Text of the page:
Central Park is immense. Not just in fame, or in size but in the sheer strength of will it took to carve the park out of the rocky, swampy soil that it was built on. Manhattan lies on a delta of long lost rivers. The natural course of water is to flow through and under the city. And it continues to do so, forcing the New York subway to pump out millions of gallons of water. This made the land of Central Park a swampy, muddy, rocky mess. It was not a landscape that lent itself to landscape gardening.

    But New Yorkers needed a breathing space - a park to escape to from the every tightening streets of downtown. The state, working to a plan of the city commissioned in 1811, put Frederick Law Olmsted to work on the design. He became known as the father of American landscape architecture. The work he did here building America's first great park, one of the greatest parks in the world, on some of the most troublesome soil, led the way for an explosion of parks across the country.

    Central Park has gone through some changes, just like the city itself, sometimes a respite from noise and breathless activity, sometimes dark and dangerous, but always in the hearts of New Yorkers. It has been a backdrop for many a movie and TV show, and the sights of the park will be instantly recognisable to everyone: the Bow Bridge, the Lake, Bethesda Fountain, Belvedere Castle. The sight from within of the towering turn of the century apartments that surround the park, some of the most expensive real estate in the world, is probably my favourite.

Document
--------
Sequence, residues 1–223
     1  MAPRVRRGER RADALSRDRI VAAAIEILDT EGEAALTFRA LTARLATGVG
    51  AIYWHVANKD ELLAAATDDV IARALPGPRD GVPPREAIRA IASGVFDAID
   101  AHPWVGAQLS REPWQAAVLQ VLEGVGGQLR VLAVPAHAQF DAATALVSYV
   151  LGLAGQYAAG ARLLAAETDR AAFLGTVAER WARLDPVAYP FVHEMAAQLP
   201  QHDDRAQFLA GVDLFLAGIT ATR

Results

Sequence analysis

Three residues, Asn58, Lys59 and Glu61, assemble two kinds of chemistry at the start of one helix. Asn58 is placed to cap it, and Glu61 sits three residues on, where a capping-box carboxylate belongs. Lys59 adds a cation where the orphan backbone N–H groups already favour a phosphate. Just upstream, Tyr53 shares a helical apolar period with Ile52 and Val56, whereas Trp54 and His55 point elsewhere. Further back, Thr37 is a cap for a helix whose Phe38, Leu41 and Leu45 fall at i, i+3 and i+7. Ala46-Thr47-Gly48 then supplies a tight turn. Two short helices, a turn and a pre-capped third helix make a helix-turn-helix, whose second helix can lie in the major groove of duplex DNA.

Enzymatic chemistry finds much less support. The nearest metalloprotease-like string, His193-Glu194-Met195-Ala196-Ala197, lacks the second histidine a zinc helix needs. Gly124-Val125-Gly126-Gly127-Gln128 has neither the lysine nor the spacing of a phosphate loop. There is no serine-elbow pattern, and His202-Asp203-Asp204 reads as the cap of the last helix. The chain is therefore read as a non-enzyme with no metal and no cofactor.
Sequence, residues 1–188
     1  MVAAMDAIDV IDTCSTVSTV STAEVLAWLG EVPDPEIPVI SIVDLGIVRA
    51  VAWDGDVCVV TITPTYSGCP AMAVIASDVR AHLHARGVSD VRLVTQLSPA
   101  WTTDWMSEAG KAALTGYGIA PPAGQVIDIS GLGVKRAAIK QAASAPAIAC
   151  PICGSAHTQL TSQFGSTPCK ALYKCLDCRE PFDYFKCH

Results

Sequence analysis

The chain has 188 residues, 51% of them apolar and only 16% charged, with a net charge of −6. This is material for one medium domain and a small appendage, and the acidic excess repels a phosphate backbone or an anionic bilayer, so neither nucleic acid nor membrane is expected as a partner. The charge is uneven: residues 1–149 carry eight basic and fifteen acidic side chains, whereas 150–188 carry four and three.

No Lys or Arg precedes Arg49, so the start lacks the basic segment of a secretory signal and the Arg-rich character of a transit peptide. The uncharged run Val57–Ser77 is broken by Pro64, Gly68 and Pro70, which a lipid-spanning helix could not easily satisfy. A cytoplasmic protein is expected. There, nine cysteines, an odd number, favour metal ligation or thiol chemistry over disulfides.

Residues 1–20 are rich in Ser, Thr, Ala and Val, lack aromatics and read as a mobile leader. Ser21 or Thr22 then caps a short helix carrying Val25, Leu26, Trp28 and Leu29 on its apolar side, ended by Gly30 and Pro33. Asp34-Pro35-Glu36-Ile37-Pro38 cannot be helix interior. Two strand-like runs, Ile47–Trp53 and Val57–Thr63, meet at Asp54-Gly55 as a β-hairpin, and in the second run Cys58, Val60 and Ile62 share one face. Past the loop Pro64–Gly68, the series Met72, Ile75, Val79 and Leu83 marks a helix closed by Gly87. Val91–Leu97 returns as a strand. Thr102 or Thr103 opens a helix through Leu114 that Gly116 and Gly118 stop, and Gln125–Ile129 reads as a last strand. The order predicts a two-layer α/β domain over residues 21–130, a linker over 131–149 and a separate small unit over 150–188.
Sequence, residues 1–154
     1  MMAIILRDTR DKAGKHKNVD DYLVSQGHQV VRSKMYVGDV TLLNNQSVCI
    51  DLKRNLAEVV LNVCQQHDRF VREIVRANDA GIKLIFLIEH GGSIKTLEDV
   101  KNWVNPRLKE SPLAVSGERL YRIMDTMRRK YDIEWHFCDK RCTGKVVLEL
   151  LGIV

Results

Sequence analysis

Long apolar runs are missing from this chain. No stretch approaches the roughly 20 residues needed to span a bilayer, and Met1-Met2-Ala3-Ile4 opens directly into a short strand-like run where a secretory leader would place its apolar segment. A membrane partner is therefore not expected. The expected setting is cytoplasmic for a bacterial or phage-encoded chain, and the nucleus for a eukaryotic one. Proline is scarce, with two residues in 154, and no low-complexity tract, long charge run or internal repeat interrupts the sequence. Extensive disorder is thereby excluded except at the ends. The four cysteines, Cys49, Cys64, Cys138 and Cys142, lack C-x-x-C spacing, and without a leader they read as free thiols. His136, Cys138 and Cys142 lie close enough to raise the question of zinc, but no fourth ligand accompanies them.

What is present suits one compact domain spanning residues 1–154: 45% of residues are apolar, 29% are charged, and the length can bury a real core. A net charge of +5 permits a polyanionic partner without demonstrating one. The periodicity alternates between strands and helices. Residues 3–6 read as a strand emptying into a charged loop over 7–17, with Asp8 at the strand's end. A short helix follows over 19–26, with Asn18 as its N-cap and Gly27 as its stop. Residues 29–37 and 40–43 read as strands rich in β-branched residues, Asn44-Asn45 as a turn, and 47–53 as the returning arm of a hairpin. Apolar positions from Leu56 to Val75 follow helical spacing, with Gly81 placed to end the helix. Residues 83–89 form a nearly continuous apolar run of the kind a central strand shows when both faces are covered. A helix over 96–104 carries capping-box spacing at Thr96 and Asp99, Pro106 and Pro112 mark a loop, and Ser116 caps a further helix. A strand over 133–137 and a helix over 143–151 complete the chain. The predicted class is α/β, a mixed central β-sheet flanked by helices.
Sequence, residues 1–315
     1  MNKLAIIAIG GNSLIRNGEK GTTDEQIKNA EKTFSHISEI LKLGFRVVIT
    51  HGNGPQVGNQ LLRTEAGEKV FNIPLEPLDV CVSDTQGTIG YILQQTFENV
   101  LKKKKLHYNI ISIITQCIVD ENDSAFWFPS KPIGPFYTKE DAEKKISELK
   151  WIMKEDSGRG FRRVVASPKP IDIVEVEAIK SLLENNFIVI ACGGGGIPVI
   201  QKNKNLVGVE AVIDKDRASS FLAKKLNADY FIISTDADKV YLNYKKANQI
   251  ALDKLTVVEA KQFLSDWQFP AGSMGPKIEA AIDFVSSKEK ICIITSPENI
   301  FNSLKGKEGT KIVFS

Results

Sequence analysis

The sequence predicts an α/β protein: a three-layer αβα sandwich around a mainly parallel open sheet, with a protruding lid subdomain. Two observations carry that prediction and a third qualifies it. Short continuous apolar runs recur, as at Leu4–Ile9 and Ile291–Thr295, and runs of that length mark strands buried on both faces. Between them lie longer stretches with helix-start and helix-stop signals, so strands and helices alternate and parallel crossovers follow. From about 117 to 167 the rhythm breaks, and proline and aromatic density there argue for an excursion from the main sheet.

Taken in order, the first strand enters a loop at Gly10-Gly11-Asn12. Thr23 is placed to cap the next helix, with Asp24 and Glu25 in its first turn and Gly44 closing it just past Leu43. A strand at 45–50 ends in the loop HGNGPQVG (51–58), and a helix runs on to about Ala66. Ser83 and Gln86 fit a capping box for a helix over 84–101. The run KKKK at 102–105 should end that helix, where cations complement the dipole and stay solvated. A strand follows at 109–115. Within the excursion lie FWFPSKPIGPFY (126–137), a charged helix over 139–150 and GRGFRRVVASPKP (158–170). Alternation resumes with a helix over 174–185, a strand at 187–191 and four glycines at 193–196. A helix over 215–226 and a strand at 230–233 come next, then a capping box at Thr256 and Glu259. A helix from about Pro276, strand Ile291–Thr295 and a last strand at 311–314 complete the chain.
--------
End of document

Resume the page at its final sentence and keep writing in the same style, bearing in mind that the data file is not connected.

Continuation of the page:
Conservatory, Central Park, New York Cherry Blossom, Central Park, New York Central Park, New York Bethesda Fountain, Central Park, New York Central Park, New York

    Was this review helpful?

  • Jefie's Profile Photo

    Felt like a breath of fresh air!

    by Jefie Updated Nov 13, 2013

    4.5 out of 5 starsHelpfulness

    With its 843 acres, Central Park covers about 6% of Manhattan. I have no idea why, but I always sort of imagined Central Park to be flat and rather dull. You can therefore imagine my surprise when I discovered this beautiful hilly urban park, graced with statues, lagoons, and lovely walking trails, all designed back in 1857 by landscaper Frederick Law Olmsted and architect Calvert Vaux. Olmsted was a pioneer in the field of landscape architecture and largely drew his inspiration from the English gardens and landscaped cemeteries he had visited. It's no secret that he was very disappointed with how Central Park turned out since the authorities in charge modified his original design to make the park more accessible and practical, and also to lower construction costs. However, to most locals and visitors, Central Park today is an enchanting natural place where people can go to forget all about the busy New York City streets.

    Going on a horse-carriage ride in Central Park is a classic, but at $50 for a 25-min ride, not everyone can afford it. Another really fun thing to do at Central Park is to go on a self-guided walking tour. To do so, you can print a map and download the free audiotour available at http://www.centralpark.com/pages/walking-tours.html. The audiotour covers the southern half of the park, which is the most popular part of Central Park thanks to well-known features such as Strawberry Fields, the Alice in Wonderland monument, and Belvedere Castle. It took us about 2 hours to complete the walking tour, which allowed us to see many of the park's highlights, but there is still so much we haven't seen that Central Park will once again be at the top of our list for our next trip to New York City!